issue twenty-four

twenty-four

From the publisher

Richard Seymour talks turkey about his direct communication style and how this has helped to shape his relationship with clients. He also talks about his highly successful partnership with Dick Powell at SeymourPowell.

Min Wang, design director for the Beijing Olympic Games, talks about the teamwork involved with creating the identity for the 2008 Games. He explains how traditional Chinese elements informed the design of medals and pictograms.

Our exploration of materials continues, with a feature on new designs in venerable style from Meta; a Focus segment on new developments in plastics; and our second instalment in Jonathon Allen’s series on new materials.


Inside this issue

Designs on crime

The University of Technology, Sydney has established a Designing Out Crime Research Centre – inspired by similar research centres in Europe and the UK. There is a growing body of exploratory research that shows design can aid interventions against crime.

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Aggregates and assemblages: Nathan Gray

Aggregates and assemblages: Nathan Gray

Artist Nathan Gray works across drawing, collage, silk-screening and assemblage, and possesses a particular affinity for colour. His paper compositions are cut and combined with found objects and small-scale sculptures to create ‘aggregations’.

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Is carbon the new black?

It is astounding how new knowledge and increased environmental research can transform into prime content for building brand loyalty and selling products and services, albeit in a more environmentally responsible manner.

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East melds with west

East melds with west

People who are passionate about objects – designers above all, but also artists, artisans and general enthusiasts of material culture – know that the value of an artifact goes well beyond its function or appearance.

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Life-saving design

Life-saving design

Of the world’s total population, 5.8 billion people, or ninety per cent, have restricted access to many products and services we take for granted, and nearly half do not have reliable supplies of food or clean water, or access to shelter.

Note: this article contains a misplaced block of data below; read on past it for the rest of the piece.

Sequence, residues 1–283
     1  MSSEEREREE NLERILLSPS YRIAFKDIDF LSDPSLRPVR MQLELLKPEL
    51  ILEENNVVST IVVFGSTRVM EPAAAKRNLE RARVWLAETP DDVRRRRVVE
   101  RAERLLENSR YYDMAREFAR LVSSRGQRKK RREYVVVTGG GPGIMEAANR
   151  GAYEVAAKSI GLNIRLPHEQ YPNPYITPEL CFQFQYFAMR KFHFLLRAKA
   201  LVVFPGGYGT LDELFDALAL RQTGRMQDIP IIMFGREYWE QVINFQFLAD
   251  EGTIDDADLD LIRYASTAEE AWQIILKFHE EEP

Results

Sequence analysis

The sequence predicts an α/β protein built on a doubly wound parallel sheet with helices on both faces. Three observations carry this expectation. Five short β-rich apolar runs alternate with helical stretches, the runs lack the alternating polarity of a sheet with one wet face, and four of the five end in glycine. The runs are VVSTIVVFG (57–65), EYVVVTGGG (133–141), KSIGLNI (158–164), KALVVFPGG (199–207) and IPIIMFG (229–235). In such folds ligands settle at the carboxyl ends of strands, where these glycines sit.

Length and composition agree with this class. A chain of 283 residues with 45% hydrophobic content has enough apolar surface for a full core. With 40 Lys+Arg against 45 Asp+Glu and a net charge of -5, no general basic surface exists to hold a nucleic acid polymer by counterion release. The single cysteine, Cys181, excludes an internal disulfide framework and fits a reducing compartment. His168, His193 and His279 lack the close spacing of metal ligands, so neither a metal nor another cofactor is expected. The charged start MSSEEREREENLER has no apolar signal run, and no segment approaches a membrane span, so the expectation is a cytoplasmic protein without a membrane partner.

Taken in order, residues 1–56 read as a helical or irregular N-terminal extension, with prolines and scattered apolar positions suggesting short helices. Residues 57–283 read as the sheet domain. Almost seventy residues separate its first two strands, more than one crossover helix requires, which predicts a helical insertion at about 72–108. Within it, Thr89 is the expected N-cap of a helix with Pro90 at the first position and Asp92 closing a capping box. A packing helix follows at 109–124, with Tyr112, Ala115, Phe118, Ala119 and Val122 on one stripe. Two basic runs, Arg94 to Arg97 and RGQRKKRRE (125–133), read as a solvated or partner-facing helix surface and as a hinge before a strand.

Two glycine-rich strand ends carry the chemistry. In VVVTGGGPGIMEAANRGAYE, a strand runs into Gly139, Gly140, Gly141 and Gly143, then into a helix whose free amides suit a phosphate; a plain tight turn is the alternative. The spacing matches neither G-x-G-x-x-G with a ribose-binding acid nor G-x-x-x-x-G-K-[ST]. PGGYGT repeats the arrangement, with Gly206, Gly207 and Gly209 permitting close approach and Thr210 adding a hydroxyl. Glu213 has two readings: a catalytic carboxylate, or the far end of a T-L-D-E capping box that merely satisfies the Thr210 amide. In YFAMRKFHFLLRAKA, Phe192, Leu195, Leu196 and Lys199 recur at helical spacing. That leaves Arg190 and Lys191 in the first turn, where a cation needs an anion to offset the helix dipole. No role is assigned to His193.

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Health delivery

Health delivery

Students and designers from Osaka University in Japan have been working for some time now on a project they call PKD, or Peace-Keeping Design, in which they aim to design solutions to problems with food supply, housing and health in developing countries.

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Some like it slow

Some like it slow

In pre-industrial times, the success of an object was defined less by the design than by the ability of the artisan to work the materials. It used to be that quality required time. Time that was not spent in defining and designing what was to be made, but in the making of the single piece itself.

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Richard Seymour

Richard Seymour

Richard Seymour, product designer and co-founder of London-based 
SeymourPowell, was in Melbourne for the AGIdeas Conference in April. Seymour’s upfront and direct style of communicating makes him popular amongst designers and those who have heard him speak.

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The incredible lightness of being

The incredible lightness of being

Lightweight materials, as the name suggests, simply refers to materials that are light in weight. However, whilst there are many materials that may be deemed light (tissue paper, for instance), the category of lightweight materials we will look at here refers to those that are of high strength for their weight (often referred to as the strength-to-weight ratio), or have another important property relative to their weight (such as toughness).

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Team effort

Team effort

Min Wang is design director of the 2008 Beijing Olympic Games and the dean of the School of Design at the Central Academy of Fine Arts (CAFA) in Beijing.

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